Movie Mom

Movie Mom

Movie Mom™


New in Theaters
  New to DVD

Fading Gigolo
Lowest Recommended Age: Mature High Schooler
MPAA Rating:
Rated R for some sexual content, language and brief nudity
Release Date:
April 19, 2014

 

The Secret Life of Walter Mitty
Lowest Recommended Age: Middle School
MPAA Rating:
Rated PG for some crude comments, language and action violence
Release Date:
December 25, 2013

Transcendence
Lowest Recommended Age: Middle School
MPAA Rating:
Rated PG-13 for sci-fi action and violence, some bloody images, brief strong language and sensuality
Release Date:
April 19, 2014

 

The Nut Job
Lowest Recommended Age: Kindergarten - 3rd Grade
MPAA Rating:
Rated PG for mild action and rude humor
Release Date:
January 17, 2014

Bears
Lowest Recommended Age: Kindergarten - 3rd Grade
MPAA Rating:
G
Release Date:
April 19, 2014

 

Grudge Match
Lowest Recommended Age: Mature High Schooler
MPAA Rating:
Rated PG-13 for sports action violence, sexual content and language
Release Date:
December 25, 2013

The Corn is Green

posted by jmiller
B+
Lowest Recommended Age:4th - 6th Grades
MPAA Rating:N/A
Movie Release Date:1945
DVD Release Date:2006

Miss Moffat (Bette Davis), an educated and very independent woman,
arrives in a small Welsh mining village in 1895 to live in a house she inherited
and start a school for the miners’ children. She is told, “Down here, they’re only
children until they’re twelve. Then they are sent away to the mine and are old
men in a week.”


None of the children can read or write, and few know any English at all. She
persuades Miss Ronberry (Mildred Dunnock) and Mr. Jones (Rhys Williams) to
help her, but the local landowner, called “the Squire” (Nigel Bruce), and the
owners of the mine are opposed and do everything they can to stop her. She is
about to give up when she sees an essay by Morgan Evans (John Dall), a young
mine worker, that shows a real gift. She tells him he is “clever,” which makes him
“want to get more clever.”


They work together for two years, but she does not realize he is becoming
resentful and impatient. His friends make fun of him for learning and call him
the schoolmistress’s dog. He quits. Later, when Mr. Jones persuades him to come
back, Miss Moffat prepares him for Oxford and even uses “soft soap and curtsying”
to persuade the Squire to recommend him. He wins a scholarship.

Bessie,
the dishonest and slatternly daughter of Miss Moffat’s housekeeper, is pregnant
with Morgan’s child. Miss Moffat adopts the child so that Morgan will be able to
go to Oxford. She tells him his duty is to the world. Then she tells herself, “You
mustn’t be clumsy this time,” and resolves to be more sensitive in raising Morgan’s
child than she was with him.


This movie is an adaptation of a play by Emlyn Williams, who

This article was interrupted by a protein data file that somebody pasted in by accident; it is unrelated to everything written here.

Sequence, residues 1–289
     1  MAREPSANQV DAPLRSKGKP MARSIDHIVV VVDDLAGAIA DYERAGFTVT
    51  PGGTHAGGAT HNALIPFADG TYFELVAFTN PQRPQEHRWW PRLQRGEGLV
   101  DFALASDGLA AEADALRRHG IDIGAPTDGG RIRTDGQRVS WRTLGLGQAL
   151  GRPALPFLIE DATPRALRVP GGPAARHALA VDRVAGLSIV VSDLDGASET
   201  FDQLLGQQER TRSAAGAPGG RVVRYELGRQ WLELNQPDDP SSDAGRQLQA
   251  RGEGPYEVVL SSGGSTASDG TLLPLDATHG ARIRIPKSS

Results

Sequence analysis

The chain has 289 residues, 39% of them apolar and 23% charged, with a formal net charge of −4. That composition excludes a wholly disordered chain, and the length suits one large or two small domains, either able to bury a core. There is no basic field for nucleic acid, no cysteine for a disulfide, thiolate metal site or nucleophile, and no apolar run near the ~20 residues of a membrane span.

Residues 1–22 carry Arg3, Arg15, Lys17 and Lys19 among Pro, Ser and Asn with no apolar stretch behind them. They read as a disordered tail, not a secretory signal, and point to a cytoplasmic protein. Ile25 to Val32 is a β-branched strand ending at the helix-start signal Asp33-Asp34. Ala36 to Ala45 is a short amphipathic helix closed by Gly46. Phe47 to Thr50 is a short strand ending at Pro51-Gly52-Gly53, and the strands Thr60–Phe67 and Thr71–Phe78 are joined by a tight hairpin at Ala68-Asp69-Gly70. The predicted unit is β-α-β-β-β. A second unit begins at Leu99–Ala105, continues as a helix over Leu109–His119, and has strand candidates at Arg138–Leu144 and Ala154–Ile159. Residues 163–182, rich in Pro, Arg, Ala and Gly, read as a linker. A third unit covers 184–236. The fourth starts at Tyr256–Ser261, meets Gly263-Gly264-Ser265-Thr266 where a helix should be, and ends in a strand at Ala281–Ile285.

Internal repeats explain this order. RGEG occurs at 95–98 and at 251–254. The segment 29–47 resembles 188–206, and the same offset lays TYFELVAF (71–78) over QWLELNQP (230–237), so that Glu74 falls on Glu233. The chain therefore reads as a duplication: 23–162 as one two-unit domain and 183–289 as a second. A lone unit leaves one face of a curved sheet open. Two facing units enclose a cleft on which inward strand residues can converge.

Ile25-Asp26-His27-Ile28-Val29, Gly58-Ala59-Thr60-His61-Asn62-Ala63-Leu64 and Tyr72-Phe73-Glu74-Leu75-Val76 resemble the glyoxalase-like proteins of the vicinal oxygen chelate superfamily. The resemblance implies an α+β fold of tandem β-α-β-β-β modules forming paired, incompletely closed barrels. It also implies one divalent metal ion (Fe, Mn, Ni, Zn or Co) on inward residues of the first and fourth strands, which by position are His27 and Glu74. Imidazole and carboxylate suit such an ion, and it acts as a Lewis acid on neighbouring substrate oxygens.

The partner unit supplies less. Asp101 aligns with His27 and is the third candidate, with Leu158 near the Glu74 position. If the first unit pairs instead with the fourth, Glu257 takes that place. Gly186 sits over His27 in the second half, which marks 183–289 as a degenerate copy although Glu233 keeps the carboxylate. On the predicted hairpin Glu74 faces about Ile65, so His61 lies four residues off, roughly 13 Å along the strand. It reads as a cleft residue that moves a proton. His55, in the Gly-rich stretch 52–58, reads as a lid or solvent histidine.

was actually saved from the coal mines by an understanding teacher. It has a lot
of parallels to My Fair Lady and Born Yesterday, which also deal with intense
teacher-student relationships that transform the lives of both.

Like Billie Dawn in Born Yesterday
and Eliza Doolittle in My Fair Lady, Morgan is excited and disturbed by the way learning changes
him; he panics at the thought of losing everything familiar to him (including
ignorance), and he gets angry and impatient. Eliza would understand Morgan’s
telling Miss Moffat, “I don’t want to be thankful to no strange woman.” Like
Henry Higgins, Miss Moffat does not want thanks.


Miss Moffat is different because of her reason for teaching Morgan. She
responds to his spirit and his potential in that first essay. Perhaps because she
responds so strongly, she stays very distant from him, admitting she knows every
part of his brain, but does not know him at all. She cares for him deeply. The
contrast between her spirited response to the Squire when he prevents her from
using the barn for a school and her “soft soap and curtsying” to get him to help
Morgan shows how far she is willing to go.
Ultimately, she takes on Morgan’s child, knowing it means she will never see
him again, because both of them believe the child will be better off if the break is
permanent.


Also worth discussing: the consequences of careless sexual involvement, the idea
that there may be something more important to some women than getting married (especially in that era, when married women had so little say over what happened
to them), and Bessie’s statement that she only had sex with Morgan to
spite Miss Moffat. Families should also discuss:


• Why didn’t the Squire want the Welsh children to learn?


• Why did the miners make Morgan feel bad about learning?


• Why did telling Morgan he was clever make him want to learn more? Why did